February 23, 2020.

The first reading of today, (Lev 19:1-2, 17-18), invites us to a life of holiness. It stated, “be holy for I the Lord your God, am holy.” The Second Vatican Council’s Dogmatic Constitution on the church called Lumen Gentium, has its fifth chapter titled, “The Universal call to holiness in the Church”. It underscored that everyone is called to a life of holiness in accordance to one’s state in life – Children, Young Adults, Adults, Singles, Married People, Religious and Clergy. We become holy by allowing the grace of the sacraments of Christ in us to be fruitful. The first reading and the Gospel shade some light on what holy living comprises of. It entails not bearing hatred in our hearts for our neighbours and being charitable while confronting our neighbours for their misdeeds.
At times, I have heard people say I hate such and such a person. Perhaps you have developed hatred for the person because of the hurt his actions or in-action have caused you or your family or your friend. In the pre-Mosaic era, people took disproportionate vengeance for injuries or offenses committed against them. In Genesis 4:23, Lamech said, “Adah and Zillah, hear my voice; wives of Lamech, listen to what I have to say, for I killed a man for wounding me and a boy for striking me. If Cain will be avenged seven times, then Lamech seventy-seven times”. The above quotation demonstrated that people took indiscriminate retribution for offenses committed against them. Someone may decide to cut off the arm of an aggressor because one felt insulted by the person or a member of the person’s family. Hence, the Mosaic law of “an eye for an eye, a tooth for a tooth” was an improvement on what had preceded it. It required the offended party to only exact from the perpetrator the same amount of injury that was inflicted on him/her; not more, not less. This law appears to be straight forward on paper; however, it is very difficult to apply because the possibility of a collateral damage always lurks at the corner when one tries to implement this law.
Jesus in today’s Gospel, (Mt 5:38-48), insisted that there were other ways of settling disputes that do not require ‘an eye for an eye, a tooth for a tooth”. Experience teaches us that, “an eye for an eye, a tooth for a tooth”, does not actually bring healing, it leads to spiral of violence. Dialogue and conscientious objection may be a better option. I acknowledge that sometimes one’s effort may fall short of bringing peace and reconciliation immediately; however, one must not lose hope.
At times we may gossip about someone’s failures without making out time to have a dialogue with the person about his/her inadequacies. It is however true that some people are arrogant and therefore may be unwilling to listen to advice, or they have become addicted to a habit or a way of life that change becomes an uphill task. It is not your fault if someone refuses to listen to your good advice. None-the-less, one must not presume an outcome without trying. Many separated married couples would have still been living together today if there were more openness to dialogue, willingness to change and willingness to ask for forgiveness from each other.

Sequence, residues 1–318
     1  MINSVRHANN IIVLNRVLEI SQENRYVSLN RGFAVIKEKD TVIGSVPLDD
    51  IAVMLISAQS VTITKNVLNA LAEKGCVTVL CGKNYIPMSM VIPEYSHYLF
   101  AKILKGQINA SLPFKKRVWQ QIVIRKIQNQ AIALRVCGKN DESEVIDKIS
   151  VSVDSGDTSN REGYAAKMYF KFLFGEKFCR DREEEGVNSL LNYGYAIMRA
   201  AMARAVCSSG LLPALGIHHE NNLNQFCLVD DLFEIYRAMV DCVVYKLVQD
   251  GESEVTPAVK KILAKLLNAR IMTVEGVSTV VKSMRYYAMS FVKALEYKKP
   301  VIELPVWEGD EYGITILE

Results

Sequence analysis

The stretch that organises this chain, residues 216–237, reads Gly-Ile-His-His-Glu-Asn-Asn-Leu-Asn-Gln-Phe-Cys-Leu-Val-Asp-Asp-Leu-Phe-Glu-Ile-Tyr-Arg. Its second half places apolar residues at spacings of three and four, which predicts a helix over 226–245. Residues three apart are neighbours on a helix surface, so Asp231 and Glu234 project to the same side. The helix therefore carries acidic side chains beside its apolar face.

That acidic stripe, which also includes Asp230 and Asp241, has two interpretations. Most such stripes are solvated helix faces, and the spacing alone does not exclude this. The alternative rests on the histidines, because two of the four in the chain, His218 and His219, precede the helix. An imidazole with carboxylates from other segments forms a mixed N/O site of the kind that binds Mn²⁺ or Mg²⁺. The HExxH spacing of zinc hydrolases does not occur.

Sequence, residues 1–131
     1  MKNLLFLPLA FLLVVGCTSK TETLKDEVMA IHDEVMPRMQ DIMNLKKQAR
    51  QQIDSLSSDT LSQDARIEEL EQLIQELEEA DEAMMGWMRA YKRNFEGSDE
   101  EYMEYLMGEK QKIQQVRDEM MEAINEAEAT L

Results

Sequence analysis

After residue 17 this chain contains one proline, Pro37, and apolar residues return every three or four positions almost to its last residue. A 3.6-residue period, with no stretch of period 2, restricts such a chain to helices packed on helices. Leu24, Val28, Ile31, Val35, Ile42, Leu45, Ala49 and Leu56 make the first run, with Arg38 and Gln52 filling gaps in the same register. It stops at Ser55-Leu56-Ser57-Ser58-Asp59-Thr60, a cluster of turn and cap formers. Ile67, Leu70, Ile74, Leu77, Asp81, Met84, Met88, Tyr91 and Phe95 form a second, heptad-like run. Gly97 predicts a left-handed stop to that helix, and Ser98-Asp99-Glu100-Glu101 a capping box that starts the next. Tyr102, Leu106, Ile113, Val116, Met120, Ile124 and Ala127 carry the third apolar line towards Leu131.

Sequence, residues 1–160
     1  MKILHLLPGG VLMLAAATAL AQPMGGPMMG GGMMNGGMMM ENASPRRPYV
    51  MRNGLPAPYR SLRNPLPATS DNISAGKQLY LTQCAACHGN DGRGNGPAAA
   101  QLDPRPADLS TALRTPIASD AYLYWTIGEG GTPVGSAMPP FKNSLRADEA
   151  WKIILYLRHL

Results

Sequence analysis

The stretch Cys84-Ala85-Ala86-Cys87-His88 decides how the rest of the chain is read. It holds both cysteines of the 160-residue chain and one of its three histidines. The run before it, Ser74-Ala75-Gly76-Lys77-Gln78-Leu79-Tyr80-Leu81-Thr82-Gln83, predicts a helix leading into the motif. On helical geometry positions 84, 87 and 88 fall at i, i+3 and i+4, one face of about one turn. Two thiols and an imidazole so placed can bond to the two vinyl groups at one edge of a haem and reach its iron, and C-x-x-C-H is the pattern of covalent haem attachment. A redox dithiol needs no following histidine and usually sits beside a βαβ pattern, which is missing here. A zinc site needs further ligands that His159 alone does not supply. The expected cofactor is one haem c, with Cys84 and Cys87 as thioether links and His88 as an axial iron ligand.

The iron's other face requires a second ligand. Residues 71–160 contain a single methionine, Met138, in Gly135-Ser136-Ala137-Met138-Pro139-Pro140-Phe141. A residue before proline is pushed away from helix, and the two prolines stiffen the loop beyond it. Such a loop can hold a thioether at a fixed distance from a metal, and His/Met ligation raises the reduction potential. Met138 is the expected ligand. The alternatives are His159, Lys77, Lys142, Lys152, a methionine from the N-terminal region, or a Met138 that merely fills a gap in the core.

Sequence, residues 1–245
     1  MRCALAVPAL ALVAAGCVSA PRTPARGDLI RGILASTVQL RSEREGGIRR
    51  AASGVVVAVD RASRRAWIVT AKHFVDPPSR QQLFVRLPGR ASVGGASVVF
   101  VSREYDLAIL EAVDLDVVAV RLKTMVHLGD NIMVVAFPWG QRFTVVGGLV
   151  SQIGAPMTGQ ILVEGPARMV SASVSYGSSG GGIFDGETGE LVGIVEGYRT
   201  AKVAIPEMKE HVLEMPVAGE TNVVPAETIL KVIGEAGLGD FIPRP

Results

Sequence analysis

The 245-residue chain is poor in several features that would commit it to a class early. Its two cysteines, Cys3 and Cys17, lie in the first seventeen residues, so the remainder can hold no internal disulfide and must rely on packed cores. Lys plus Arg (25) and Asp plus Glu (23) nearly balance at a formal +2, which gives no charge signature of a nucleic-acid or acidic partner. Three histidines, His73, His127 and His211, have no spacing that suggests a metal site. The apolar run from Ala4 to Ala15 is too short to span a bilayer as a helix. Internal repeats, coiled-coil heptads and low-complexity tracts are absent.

I acknowledge that one may be overwhelmed by some situations. Paul warned us in his epistle to the Ephesians that, “our battle is not against human forces but against the rulers and authorities and their dark powers that govern this world” (Eph 6:12). Hence, we must not rely on our power only, but seek for God’s guidance in prayer.
In the second reading, (1 Cor 3:16-23), St Paul reminded us that our body is the temple of the Holy Spirit. The Spirit of God who resides in us will help us to live a life of holiness. Holiness of life is not just a given, it involves struggles, failures, disappointments and moments of joy. May God who has called us in Christ to a life of holiness, grant us the grace and the strength we need to be faithful to our Christian calling. Amen.Today, as we undertake our annual commissioning of the members of the Parish Pastoral Council and the members of staff at St John’s Primary School, we should be mindful that the Holy Spirit has endowed the members of the Church of Christ with different gifts which include apostles, prophets, teachers and so on.
The members of the Parish Pastoral Council help the Parish Priest in the pastoral care of the Parish by giving him constructive advice. They represent different aspects of the Parish life which include worship, Education, hospitality and outreach.
Teaching is a vocation for which those who are called should consider themselves as fortunate. To teach in a Catholic school means that you have been called to become evangelisers. Through what you do and say, you proclaim the word of God by nurturing the young minds in the Christian way of life. What the ordaining prelate says to the Deacon at his ordination when he hands him the bible is also relevant to you teachers: “Believe what you read, teach what you believe and practise what you teach.” Teachers ought to be good role models to the students. Since children learn more through observation, ensure that your actions are congruent with your words.
To our year four students who are committing themselves today to follow the Parish Sacramental Programme as they prepare to receive the Sacraments of Reconciliation and Holy Eucharist, we pray that this programme will lead them to a better understanding and appreciation of their Catholic faith. We thank their parents and guardians who have signed up to be their prop throughout the duration of this programme.

Fr Chinua Okeke CSSp

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